I think applying for a student job has always been challenging and involved a lot of self-doubt. How can you turn your academic qualifications and sometimes fluffy course titles into tangible tools and professional skills?
The imposter syndrome kicks in and you might drift into a downward spiral. Do I need to check everything off the list of qualifications to be eligible to apply? How do I make sure that I’m not just another CBS student with a general understanding of finance?
I do not have the answers to all these questions, and it is a jungle out there. A jungle that can often seem very overwhelming and challenging to navigate – especially for someone who already has a bad sense of direction. However, I did manage to find a student job during the pandemic after returning from my fantastic exchange in Korea and reality kicked back in.
I have reflected on three main tips on how to find a student job during a pandemic.
However, I think it is very important to also state that a big part of finding a job, and especially a student job, is also about chance, luck, and personal chemistry. Sadly, the current pandemic, where most interviews take place onscreen, has not made it easier to let your personality shine.
I believe the most effective way to approach finding a student job is to try and treat it like a job. Set time aside to plan it out, do the research, and set it all up nicely.
I know that a lot of people are applying right now, and many people are overqualified for the jobs they are applying for, which does not make the application process any easier. Of course, it all depends on how set you are on a specific company or field of work, but broadening your horizons will, naturally, give you more opportunities.
As a true CBS student, I made an Excel sheet with color-coordinated columns of the company names, job positions, deadlines, and links leading me to the application page. In order to find all these job positions you can, of course, look at the specific company website, but other good external portals are CBS career gate, Djøf’s job site, and the job tab on LinkedIn.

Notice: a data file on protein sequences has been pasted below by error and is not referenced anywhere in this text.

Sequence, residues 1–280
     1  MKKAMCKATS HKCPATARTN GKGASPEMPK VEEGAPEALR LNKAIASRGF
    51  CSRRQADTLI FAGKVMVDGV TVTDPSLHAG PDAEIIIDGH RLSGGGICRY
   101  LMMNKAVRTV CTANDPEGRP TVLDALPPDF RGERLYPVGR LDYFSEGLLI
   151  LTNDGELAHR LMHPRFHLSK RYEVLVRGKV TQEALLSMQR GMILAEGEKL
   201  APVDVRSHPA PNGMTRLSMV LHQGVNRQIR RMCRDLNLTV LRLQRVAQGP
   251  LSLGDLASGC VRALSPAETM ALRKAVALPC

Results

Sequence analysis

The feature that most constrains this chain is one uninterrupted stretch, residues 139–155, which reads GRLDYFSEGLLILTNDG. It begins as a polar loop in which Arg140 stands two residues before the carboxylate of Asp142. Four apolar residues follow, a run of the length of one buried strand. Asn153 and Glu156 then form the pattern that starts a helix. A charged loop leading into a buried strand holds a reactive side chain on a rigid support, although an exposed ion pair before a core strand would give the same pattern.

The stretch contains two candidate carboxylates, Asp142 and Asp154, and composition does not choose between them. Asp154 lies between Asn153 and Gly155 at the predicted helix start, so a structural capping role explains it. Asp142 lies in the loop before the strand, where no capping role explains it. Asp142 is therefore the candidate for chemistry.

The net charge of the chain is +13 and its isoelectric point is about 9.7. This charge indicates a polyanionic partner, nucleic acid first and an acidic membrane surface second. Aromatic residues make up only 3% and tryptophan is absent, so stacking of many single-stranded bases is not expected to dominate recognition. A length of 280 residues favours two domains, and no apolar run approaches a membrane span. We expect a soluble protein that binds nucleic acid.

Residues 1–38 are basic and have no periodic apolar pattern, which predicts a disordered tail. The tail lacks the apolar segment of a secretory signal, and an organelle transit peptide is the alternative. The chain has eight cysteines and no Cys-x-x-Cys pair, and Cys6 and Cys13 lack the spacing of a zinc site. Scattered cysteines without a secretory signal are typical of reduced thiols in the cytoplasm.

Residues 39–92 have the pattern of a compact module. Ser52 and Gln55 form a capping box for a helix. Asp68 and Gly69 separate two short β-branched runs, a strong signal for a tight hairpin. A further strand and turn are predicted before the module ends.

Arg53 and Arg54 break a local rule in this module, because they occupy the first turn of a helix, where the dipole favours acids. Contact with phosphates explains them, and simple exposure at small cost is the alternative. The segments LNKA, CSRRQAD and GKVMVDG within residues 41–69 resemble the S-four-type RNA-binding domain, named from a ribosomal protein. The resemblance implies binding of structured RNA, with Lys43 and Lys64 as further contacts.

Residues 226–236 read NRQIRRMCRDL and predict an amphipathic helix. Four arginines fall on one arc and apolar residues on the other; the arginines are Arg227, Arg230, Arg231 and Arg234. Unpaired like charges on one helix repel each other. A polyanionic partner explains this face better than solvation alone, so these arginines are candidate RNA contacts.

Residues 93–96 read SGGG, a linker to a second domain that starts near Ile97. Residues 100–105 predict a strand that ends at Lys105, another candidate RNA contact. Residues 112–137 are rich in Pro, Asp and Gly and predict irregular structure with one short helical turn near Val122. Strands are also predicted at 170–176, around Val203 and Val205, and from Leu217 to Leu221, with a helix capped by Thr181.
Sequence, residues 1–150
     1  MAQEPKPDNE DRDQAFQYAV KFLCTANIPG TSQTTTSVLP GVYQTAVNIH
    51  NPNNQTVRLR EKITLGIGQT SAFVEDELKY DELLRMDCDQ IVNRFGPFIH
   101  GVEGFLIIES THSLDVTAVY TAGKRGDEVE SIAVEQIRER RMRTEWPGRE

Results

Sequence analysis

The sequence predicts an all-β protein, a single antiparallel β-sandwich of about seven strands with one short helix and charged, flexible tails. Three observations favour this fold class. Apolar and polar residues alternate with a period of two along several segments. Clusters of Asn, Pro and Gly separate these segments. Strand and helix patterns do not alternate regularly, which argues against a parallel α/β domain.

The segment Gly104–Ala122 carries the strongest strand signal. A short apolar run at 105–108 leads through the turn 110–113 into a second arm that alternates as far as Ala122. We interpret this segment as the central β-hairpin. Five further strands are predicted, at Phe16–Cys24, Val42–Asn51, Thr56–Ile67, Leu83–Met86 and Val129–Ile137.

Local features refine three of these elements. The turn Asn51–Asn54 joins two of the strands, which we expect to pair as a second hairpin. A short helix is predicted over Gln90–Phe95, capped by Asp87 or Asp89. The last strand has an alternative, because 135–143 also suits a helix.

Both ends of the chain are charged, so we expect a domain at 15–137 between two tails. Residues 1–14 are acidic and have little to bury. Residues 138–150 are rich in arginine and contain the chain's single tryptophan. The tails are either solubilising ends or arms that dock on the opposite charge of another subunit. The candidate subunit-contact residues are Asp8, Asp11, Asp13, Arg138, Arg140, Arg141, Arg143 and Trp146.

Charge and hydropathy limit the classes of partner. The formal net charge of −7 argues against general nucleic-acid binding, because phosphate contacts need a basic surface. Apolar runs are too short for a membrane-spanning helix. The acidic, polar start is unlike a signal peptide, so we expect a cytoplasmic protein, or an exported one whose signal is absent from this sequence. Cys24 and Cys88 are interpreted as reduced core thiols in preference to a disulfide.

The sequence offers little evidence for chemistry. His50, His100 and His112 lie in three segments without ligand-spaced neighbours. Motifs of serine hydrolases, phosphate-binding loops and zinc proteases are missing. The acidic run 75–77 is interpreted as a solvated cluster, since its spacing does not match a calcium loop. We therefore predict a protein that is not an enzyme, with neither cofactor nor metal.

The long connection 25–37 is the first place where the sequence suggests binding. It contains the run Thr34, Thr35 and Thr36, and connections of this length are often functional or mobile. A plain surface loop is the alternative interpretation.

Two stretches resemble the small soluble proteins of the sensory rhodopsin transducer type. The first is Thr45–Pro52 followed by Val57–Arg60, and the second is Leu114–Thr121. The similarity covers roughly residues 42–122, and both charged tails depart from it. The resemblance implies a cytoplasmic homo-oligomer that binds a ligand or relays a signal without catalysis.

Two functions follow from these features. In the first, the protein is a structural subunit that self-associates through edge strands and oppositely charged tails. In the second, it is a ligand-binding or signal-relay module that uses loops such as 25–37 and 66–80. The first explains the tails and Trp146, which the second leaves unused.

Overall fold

I think LinkedIn is actually a really good tool, even though I believe we already have too many online profiles to keep track of.
That being said, I do think it can be a really good place to highlight your academic and professional achievements in a forum where people pay attention and recognize them. It can also be a place to find great discussion topics for the coffee machine waiting area.
I really think leveraging your network can make all the difference.
In my job search, I really did find my network was a big help with getting information and experiences from their workplaces and good tips on what to potentially focus on when applying to join their companies.
I think the mentality should very much be that you have nothing to lose, and most people are more than happy to help. I found that the first time I overcame the hurdle of reaching out to people, they would mostly go way above and beyond my expectations.
If you know anyone who has recently been an employee or who still works at the given company, reach out!
Pick their brains and get all the dos and don’ts. A lot of application forms also ask whether you know anyone working for the company, and this could be a perfect time to name drop that person (with their permission, of course).
I think it is really important to find something to make you stand out, maybe especially as a CBS student with many of us having the same general academic qualifications. An exchange stay or internship is, of course, a good way to do so but given the current state of the world, this has not been possible for many over the past year.
However, there are still many things you can do to position yourself as a more attractive candidate. Being engaged in CBS organizations can really make a difference. I have my own personal preferences in terms of organizations but, overall, I would encourage everyone to take part in organizational work.
In all the job interviews I had along the way, they would focus mainly on all my organizational engagement at CBS and really acknowledge the skills and experiences that it has given me. The organizational work is voluntary, but you get more than your money’s worth in experience and tangible tools for your future working life and hopefully also some great friends from different study programs along the way.
Depending on the organization, you can acquire skills with project management, stakeholder engagement, risk assessment, teamwork, etc. A lot of the organizations also have very impressive partnership portfolios with all kinds of professional external partners that also give you incredible insight and potential networks within those companies.
On a final positive note
I just want to say that having a student job gives you excellent experience and a chance to gain insight into an industry, but I think it is also really important to remember that you will probably only be a university student for five years, whereas you have at least 50 years ahead of you on the job market.
Enjoy being a student! Engage in the student organization, try out different ways of working, and go for a coffee in between lectures because the flexibility allows it.
I feel extremely fortunate to have a job that I really like but I am equally happy to have taken time to focus mainly on my student life and the incredible initiatives we have the opportunity to be a part of. It would be a shame to not allow yourself to have five years as a student in one of the, in my opinion, best study cities in the world, out of a whole lifetime of work.